A new era in medicine was heralded yesterday with a Food and Drug Administration panel, unanimously recommending that the agency approve the first-ever treatment that genetically altered a patient's own cells to fight cancer, transforming them into what scientists called ''a living drug'' that powerfully bolstered the immune system to cure the condition.
If the FDA were to accept the recommendation, which was likely, the treatment would be the first gene therapy ever to reach the market, according to commentators.
Researchers and drug companies had engaged in intense competition for decades to reach this milestone and Novartis was now poised to be the first. Its treatment was for a type of leukemia, and it was working on similar types of treatments in hundreds of patients for another form of the disease, as also multiple myeloma and an aggressive brain tumour.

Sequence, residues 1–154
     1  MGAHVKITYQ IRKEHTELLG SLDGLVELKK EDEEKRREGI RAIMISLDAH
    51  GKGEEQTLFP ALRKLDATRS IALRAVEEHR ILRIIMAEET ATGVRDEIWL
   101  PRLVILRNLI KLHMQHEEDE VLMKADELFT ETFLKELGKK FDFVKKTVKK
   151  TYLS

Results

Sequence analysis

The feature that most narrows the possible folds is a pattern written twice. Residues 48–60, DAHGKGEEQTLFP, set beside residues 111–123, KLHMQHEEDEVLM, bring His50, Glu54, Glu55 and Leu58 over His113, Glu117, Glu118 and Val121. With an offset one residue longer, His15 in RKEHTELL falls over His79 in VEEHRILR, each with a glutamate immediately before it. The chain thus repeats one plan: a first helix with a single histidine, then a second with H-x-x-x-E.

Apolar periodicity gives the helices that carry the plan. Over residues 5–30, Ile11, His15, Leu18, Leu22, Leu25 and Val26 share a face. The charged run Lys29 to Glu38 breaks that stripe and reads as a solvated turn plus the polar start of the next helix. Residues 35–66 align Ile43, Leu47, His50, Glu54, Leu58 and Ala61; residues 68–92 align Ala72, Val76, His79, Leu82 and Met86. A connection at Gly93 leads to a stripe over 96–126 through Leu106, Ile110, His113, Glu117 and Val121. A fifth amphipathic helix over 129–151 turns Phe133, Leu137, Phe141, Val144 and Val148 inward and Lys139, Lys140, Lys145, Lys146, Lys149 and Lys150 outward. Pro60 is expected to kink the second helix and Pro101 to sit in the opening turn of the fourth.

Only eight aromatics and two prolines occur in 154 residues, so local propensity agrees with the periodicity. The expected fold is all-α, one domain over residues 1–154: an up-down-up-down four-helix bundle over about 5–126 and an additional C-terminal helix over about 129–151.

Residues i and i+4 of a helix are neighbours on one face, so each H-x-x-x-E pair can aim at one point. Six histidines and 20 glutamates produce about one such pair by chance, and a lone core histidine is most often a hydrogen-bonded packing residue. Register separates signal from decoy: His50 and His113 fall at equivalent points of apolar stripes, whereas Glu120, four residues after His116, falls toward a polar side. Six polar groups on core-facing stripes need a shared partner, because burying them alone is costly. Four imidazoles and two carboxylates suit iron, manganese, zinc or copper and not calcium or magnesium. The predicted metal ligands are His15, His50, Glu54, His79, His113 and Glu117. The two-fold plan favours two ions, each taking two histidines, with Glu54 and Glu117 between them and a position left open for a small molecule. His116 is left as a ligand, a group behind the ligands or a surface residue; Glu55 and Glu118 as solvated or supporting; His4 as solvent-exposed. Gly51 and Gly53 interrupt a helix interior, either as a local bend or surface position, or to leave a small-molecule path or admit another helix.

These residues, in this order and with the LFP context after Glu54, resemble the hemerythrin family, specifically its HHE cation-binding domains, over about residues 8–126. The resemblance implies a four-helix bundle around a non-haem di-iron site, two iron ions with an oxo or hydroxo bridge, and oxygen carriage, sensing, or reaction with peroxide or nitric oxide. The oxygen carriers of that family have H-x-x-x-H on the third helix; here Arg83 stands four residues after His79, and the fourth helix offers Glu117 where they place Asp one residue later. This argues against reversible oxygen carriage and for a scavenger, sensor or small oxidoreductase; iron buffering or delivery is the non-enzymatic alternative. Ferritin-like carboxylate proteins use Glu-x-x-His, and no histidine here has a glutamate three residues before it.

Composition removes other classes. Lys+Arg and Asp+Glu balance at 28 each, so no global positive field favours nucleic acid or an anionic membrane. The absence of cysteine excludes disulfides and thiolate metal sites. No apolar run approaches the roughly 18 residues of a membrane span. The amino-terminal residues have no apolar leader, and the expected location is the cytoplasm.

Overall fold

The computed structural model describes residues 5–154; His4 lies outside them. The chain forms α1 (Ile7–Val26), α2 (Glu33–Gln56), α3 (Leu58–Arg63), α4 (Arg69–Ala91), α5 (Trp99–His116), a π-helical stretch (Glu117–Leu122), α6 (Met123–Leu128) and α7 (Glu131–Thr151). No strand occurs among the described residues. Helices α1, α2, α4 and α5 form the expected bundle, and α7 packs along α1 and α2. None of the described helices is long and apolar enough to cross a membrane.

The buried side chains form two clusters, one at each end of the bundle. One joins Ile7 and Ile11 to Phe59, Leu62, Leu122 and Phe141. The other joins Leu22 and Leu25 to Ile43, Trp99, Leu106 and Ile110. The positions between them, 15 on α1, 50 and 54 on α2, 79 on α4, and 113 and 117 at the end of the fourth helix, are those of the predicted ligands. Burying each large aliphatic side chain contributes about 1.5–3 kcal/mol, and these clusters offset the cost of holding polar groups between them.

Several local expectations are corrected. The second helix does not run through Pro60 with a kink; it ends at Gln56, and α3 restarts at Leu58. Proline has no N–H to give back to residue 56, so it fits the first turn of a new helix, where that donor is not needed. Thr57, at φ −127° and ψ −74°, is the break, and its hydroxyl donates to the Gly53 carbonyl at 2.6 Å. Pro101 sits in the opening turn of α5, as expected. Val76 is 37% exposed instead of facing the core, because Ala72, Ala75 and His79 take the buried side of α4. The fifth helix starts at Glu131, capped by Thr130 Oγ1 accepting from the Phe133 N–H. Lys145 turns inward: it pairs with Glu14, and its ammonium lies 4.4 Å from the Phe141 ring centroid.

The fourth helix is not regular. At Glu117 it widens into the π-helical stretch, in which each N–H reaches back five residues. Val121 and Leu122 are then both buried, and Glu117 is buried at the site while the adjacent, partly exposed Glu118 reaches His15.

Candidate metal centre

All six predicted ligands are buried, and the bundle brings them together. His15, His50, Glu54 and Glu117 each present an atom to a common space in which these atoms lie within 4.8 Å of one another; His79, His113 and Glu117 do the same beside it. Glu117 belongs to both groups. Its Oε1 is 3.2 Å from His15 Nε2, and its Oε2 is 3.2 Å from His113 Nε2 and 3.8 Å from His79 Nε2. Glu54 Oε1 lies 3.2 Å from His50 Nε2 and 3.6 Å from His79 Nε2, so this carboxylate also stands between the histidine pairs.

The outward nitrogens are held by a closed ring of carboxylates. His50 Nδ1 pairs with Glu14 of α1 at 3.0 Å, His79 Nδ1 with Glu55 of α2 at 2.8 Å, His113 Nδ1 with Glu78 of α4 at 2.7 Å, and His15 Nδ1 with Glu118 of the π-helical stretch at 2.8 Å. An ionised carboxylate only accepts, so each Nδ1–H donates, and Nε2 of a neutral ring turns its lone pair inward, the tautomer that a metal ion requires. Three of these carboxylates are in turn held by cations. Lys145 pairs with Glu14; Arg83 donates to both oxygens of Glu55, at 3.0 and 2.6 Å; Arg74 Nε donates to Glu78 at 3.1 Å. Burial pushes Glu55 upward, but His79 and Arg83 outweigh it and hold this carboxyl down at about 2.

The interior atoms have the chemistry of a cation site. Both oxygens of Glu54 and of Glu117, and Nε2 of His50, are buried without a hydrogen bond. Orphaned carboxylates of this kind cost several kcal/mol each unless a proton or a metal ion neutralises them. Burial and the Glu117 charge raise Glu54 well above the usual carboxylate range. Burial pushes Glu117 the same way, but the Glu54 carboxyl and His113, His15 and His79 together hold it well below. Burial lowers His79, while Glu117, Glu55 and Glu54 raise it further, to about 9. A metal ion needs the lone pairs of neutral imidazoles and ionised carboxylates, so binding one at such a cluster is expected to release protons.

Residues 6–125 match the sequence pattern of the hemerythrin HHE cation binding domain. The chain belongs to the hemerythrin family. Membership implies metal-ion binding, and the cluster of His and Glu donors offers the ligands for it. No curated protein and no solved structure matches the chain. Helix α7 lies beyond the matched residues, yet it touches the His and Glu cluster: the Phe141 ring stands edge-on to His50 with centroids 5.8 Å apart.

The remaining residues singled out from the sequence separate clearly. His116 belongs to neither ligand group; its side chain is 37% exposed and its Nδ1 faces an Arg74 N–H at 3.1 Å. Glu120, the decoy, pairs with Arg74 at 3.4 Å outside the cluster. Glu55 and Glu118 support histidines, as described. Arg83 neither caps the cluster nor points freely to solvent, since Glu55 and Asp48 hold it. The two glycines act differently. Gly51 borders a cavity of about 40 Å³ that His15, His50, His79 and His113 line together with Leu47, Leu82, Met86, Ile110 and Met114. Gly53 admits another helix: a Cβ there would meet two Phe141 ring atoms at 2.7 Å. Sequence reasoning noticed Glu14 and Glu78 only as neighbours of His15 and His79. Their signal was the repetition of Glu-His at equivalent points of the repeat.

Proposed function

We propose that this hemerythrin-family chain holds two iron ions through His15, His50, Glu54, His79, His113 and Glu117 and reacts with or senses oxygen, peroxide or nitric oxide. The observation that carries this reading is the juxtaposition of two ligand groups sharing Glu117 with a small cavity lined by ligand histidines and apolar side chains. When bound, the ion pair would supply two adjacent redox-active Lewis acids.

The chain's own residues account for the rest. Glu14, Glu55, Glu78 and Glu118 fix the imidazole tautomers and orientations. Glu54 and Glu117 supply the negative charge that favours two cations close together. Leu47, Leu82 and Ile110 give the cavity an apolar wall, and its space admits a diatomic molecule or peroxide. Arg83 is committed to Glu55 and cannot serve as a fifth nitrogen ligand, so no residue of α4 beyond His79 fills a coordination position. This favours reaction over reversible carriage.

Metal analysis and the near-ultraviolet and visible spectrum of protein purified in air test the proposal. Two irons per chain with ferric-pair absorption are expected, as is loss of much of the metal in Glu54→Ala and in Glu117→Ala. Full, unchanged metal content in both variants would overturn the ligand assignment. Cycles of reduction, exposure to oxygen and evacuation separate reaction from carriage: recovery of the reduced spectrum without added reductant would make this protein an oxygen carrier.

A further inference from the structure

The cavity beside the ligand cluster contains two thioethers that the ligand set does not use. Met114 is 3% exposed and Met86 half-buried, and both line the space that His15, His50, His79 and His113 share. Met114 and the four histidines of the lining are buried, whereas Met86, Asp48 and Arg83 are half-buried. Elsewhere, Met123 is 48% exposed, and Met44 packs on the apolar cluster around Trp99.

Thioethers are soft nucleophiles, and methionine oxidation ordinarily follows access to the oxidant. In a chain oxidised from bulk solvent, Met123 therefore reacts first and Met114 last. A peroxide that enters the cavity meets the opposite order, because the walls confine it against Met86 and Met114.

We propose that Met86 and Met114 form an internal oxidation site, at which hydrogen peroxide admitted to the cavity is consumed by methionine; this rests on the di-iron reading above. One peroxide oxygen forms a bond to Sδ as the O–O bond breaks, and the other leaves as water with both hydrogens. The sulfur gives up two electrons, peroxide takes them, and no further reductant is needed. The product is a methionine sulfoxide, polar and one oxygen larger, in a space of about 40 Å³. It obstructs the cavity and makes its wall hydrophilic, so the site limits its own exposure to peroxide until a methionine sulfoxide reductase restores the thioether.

The use of the technique would entail a separate treatment for each patient, removal of their cells at an approved medical centre, freezing them, shipping to a Novartis plant for thawing and processing. The cells would need to be frozen again and shipped back to the treatment centre.
Treatment with a single dose of the resulting product had produced long remissions, and possibly cures, in scores of patients in studies who were facing death due to the failure of every other treatment.
Timothy Cripe, a panel member, an oncologist with Nationwide Children's Hospital in Columbus, Ohio, called the treatment the "most exciting thing I've seen in my lifetime."
Novartis, the drugmaker behind the CAR T-cell therapy, is seeking approval for the treatment in children and young adults whose leukemia was not responsive to traditional treatments.
The approach is also being tested for a range of diseases from non-Hodgkin lymphoma and multiple myeloma to solid tumours.